Now that people and machines go regularly into space, can advertising and art be far behind? That's what worries astronomers who want to keep the nighttime skies from becoming background for orbiting billboards or burial grounds for the dead.

"Once we let it get started, the next thing you know there'll be Golden Arches up there," astronomer David Crawford said Wednesday. "We have to keep an eagle eye out for this type of thing."Astronomers gathered for the 20th assembly of the International Astronomical Union are concerned that what Crawford calls "the unproductive uses of space" will block observations of the universe by ground-based telescopes and possibly damage astronomy instruments that will be launched into Earth orbit.

Crawford, a Kitt Peak National Observatory astronomer, and Sidney van den Bergh, an astronomer for the National Research Council of Canada, are on an international committee that is attempting to keep space free of "frivolous uses."

Among the proposals that worry them:

-A group of artists in France wants to build a kitelike object the size of a football field and place it in orbit as an art object. The work of art would be designed to catch and reflect the sunlight so it could be seen from Earth.

"Astronomers are appalled," van den Bergh said.

-Celestis Corp., a Melbourne, Fla., company, wants to orbit a satellite containing the cremated remains of 10,300 people, thus using space as sort of a mausoleum in the sky. Plans call for the satellite to be gold-coated so it would reflect sunlight, enabling customers to look up and see the remains of their dead relatives pass overhead.

"It would be like building cemeteries in wilderness areas on Earth," Crawford said.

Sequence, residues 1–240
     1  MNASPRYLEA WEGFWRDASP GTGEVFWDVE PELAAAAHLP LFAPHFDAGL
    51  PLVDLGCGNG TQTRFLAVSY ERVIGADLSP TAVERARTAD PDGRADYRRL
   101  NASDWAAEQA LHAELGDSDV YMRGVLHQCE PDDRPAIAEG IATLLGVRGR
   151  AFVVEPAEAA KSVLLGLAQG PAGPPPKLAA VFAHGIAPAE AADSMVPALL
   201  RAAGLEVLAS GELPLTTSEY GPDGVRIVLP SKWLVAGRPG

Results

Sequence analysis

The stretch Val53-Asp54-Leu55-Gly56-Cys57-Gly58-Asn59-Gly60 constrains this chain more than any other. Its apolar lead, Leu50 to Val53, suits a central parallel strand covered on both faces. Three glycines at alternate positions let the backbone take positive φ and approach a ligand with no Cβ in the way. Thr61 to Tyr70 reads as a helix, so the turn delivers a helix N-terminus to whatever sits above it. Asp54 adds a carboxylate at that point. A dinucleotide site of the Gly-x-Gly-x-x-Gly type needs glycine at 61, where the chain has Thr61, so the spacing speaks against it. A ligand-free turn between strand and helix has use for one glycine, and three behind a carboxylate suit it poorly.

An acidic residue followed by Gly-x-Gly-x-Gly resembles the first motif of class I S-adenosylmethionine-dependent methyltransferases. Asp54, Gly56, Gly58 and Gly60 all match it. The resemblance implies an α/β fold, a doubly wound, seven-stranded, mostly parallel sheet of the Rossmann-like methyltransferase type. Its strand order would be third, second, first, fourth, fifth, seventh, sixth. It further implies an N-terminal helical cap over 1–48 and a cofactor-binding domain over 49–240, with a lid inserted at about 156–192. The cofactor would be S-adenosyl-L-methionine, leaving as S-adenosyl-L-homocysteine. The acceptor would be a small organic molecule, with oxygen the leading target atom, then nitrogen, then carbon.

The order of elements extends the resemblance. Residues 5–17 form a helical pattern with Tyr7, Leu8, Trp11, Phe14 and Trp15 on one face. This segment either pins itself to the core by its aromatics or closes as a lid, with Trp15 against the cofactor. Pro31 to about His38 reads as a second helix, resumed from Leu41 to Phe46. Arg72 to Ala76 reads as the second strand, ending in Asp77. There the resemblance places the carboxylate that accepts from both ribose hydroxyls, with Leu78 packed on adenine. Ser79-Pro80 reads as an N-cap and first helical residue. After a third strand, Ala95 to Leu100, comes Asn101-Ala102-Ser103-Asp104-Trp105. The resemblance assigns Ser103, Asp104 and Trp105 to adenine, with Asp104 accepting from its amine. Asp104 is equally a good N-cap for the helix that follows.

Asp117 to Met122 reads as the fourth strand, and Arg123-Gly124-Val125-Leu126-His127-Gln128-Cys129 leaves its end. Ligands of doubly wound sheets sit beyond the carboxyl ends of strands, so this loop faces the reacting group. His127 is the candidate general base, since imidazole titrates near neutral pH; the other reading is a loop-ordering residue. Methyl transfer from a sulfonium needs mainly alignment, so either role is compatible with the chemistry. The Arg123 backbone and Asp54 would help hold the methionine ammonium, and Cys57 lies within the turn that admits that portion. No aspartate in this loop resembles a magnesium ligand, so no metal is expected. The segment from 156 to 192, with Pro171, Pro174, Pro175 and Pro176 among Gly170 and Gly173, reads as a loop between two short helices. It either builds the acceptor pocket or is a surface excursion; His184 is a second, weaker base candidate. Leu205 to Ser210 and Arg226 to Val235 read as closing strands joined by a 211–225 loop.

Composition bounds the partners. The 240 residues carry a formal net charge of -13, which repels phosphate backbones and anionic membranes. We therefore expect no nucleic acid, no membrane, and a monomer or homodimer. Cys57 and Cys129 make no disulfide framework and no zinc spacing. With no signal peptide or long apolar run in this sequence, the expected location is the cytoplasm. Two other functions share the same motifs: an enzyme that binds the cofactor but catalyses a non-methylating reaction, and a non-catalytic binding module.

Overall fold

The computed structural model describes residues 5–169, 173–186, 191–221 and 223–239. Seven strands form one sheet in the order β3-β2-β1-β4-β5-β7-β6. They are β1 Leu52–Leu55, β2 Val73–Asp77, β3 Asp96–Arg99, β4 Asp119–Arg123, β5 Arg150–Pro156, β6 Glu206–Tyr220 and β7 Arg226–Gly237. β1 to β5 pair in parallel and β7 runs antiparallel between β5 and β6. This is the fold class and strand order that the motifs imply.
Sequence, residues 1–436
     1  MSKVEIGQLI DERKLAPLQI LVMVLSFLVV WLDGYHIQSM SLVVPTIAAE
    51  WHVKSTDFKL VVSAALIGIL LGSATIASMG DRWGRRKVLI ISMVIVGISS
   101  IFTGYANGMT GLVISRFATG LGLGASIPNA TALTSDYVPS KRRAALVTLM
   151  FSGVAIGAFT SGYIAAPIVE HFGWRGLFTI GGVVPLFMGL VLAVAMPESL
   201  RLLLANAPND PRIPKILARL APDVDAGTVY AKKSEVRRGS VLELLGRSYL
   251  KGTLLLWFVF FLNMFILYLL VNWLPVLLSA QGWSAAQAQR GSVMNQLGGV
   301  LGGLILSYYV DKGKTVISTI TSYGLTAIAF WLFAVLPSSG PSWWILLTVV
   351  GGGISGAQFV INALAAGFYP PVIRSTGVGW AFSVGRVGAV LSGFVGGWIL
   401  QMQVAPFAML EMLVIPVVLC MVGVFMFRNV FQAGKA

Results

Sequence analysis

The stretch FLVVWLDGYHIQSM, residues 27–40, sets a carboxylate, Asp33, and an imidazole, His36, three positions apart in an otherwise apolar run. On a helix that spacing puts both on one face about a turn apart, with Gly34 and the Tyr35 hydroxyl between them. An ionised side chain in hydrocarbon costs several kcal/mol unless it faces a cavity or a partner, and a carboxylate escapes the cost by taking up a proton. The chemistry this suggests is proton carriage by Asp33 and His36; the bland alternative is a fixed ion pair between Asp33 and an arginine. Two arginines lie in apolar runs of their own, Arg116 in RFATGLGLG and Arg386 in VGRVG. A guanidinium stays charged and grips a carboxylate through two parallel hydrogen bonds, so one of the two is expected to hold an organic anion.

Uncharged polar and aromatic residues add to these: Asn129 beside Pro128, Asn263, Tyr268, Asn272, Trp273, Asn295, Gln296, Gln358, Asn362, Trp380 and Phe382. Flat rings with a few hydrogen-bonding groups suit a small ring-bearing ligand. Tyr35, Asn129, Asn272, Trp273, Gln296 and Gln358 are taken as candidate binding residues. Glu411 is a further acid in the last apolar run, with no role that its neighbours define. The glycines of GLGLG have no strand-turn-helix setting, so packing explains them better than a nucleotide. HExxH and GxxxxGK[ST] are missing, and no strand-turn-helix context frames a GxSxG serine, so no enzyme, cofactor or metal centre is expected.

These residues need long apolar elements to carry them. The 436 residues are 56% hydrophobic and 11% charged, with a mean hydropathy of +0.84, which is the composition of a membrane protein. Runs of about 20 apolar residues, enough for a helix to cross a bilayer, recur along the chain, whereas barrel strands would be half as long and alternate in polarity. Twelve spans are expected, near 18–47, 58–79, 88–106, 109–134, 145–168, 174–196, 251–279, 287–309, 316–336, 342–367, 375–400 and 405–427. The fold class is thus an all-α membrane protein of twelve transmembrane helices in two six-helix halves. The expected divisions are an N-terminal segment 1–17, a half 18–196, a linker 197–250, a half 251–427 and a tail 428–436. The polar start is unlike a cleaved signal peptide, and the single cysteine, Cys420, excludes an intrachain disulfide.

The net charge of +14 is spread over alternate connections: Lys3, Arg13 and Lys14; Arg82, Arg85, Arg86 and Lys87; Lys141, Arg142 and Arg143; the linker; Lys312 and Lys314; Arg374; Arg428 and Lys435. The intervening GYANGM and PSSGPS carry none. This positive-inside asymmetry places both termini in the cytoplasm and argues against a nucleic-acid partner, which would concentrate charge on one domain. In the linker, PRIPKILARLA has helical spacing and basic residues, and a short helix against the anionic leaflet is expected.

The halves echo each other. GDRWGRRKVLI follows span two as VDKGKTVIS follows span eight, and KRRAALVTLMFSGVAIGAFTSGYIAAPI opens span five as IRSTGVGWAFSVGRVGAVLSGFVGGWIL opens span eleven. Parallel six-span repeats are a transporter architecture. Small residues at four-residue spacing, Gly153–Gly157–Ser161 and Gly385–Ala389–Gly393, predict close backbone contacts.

A plan to create an orbiting salute to the 100th birthday of the Eiffel Tower already has been canceled. Van den Bergh said the plan called for launching a ring of 100 lights that would remind people of the century of the tower.

"That would have been the first advertisement in space," he said. "Once that happens, you don't know where it will stop."

Van den Bergh said such uses of space would add to the already serious light pollution problems astronomers are having in the study of the stars.

Astronomers take thousands of star photographs a year. Most require long exposure times. Satellites orbiting past the field of view can ruin the pictures and perhaps obscure important discoveries.

"Astronomers are being bothered by this problem much more often than other people. Already, a third of all the (photo) plates must be discarded because of satellites," van den Bergh said.

Eventually, though, the crowded orbits of Earth will be a problem for everybody as more and more uses are found for spacecraft, he said.

"The amount of stuff in Earth orbit now is doubling every decade," said van den Bergh. "In a century, all operations near Earth's orbit will be extremely hazardous" due to the possibility of collisions.

Objects in orbit move at about 17,000 miles an hour. At that velocity, even a dime-size object can cause great damage in a collision. Van den Bergh said astronomers are worried about possible damage from space debris to the $1.5 billion Hubble space telescope that will be launched next year by the National Aeronautics and Space Administration.